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The World's Largest Bird Weighed as Much as a Giraffe
The largest bird that ever stalked Earth's surface is officially the "Vorombe titan," a previously unidentified species of elephant bird that once roamed the island of Madagascar.
Literally meaning "big bird" in Malagasy and Greek, the giant creature could weigh more than 1,700 pounds and stood nearly 10 feet tall, a new study published Wednesday in Royal Society Open Science has revealed.
"They would have towered over people," James Hansford, the study's lead author and a paleontologist at the Zoological Society of London (ZSL), told Agence France Presse. "They definitely couldn't fly as they couldn't have supported anywhere near their weight."
One such specimen weighed about 1,895 pounds, roughly the same as an adult giraffe, AFP noted.
Elephant birds stomped across Madagascar for 60 million years until they were hunted to extinction around 1,000 years ago, AFP wrote.
The title of "world's largest bird" has been at the center of rigorous study and debate for decades. But after analyzing hundreds of elephant bird bones from museums around the world, ZSL researchers found convincing evidence that the Vorombe titan was actually the largest, taking the title away from the previous record-holder, Aepyornis maximus.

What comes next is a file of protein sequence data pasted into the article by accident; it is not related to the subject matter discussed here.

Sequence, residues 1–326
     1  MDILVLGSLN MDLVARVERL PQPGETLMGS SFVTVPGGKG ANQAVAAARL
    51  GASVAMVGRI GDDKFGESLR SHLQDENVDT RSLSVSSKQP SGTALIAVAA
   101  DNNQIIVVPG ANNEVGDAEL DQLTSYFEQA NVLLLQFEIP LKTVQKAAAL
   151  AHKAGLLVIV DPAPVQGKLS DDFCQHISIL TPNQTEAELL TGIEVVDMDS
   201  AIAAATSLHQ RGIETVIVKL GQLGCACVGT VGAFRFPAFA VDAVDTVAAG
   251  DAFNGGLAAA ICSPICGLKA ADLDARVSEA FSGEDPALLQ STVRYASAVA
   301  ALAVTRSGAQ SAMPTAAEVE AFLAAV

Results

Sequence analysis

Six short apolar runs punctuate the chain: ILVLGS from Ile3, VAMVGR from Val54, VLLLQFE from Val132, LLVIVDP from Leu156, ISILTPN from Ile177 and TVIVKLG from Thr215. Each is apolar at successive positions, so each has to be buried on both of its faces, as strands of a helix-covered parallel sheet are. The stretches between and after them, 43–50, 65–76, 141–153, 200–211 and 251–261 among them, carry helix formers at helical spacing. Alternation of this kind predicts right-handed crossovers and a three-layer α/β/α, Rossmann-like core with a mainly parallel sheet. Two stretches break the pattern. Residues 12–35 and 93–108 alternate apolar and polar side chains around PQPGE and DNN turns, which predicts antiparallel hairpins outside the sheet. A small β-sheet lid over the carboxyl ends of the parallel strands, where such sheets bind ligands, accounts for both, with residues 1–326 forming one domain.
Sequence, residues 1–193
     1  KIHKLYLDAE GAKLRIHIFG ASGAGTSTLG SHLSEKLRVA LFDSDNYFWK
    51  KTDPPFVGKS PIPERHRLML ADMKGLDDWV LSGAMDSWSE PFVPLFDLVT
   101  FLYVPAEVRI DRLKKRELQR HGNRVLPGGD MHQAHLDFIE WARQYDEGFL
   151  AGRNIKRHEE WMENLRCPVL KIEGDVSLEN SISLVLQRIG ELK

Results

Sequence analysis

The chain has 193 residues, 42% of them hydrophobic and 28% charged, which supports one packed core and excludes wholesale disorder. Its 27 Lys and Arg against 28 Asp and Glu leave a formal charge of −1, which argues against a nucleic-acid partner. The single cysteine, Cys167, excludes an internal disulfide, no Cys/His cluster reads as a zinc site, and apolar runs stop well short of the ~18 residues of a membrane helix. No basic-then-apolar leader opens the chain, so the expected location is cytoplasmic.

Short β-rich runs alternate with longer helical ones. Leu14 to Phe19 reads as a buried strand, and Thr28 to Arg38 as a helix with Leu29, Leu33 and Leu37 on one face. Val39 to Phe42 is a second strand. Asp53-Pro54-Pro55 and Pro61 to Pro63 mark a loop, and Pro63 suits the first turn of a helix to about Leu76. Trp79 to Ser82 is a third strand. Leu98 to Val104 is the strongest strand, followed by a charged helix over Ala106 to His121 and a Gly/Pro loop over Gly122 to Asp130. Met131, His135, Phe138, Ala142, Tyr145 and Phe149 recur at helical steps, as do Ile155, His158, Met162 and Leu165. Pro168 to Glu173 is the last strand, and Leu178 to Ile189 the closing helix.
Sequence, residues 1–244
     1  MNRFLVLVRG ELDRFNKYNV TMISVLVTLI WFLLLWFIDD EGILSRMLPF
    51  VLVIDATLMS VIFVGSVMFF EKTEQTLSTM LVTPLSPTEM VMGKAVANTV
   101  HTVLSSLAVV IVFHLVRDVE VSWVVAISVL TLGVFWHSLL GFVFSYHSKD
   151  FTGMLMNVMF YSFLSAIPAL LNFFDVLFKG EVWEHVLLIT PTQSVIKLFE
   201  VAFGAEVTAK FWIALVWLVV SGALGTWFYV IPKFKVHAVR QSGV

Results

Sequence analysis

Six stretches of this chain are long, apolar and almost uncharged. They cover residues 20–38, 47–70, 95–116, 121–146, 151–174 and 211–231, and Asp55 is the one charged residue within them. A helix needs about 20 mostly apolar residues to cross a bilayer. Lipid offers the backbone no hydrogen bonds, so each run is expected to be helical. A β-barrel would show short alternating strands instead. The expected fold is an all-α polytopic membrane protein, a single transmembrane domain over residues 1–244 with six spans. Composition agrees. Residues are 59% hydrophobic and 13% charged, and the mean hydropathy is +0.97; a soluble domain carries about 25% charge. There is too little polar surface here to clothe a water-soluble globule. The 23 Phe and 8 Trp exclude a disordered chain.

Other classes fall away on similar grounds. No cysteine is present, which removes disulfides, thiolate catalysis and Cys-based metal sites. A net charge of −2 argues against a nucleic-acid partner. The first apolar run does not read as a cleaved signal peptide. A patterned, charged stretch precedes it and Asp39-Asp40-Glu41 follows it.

The researchers also gave the first taxonomic reassessment of the elephant bird family in more than 80 years. They discovered there were actually three genera of elephant birds rather than two, and four distinct species rather than 15, per The New York Times.
"Elephant birds were the biggest of Madagascar's megafauna and arguably one of the most important in the [island's] evolutionary history—even more so than lemurs," Hansford said in a press release. "This is because large-bodied animals have an enormous impact on the wider ecosystem they live in via controlling vegetation through eating plants, spreading biomass and dispersing seeds through defecation. Madagascar is still suffering the effects of the extinction of these birds today."
The authors of the new paper say their work can help conservation efforts in Madagascar, which is home to several critically threatened species.
"Without an accurate understanding of past species diversity, we can't properly understand evolution or ecology in unique island systems such as Madagascar or reconstruct exactly what's been lost since human arrival on these islands," co-author Samuel Turvey from ZSL's Institute of Zoology said in the press release. "Knowing the history of biodiversity loss is essential to determine how to conserve today's threatened species."
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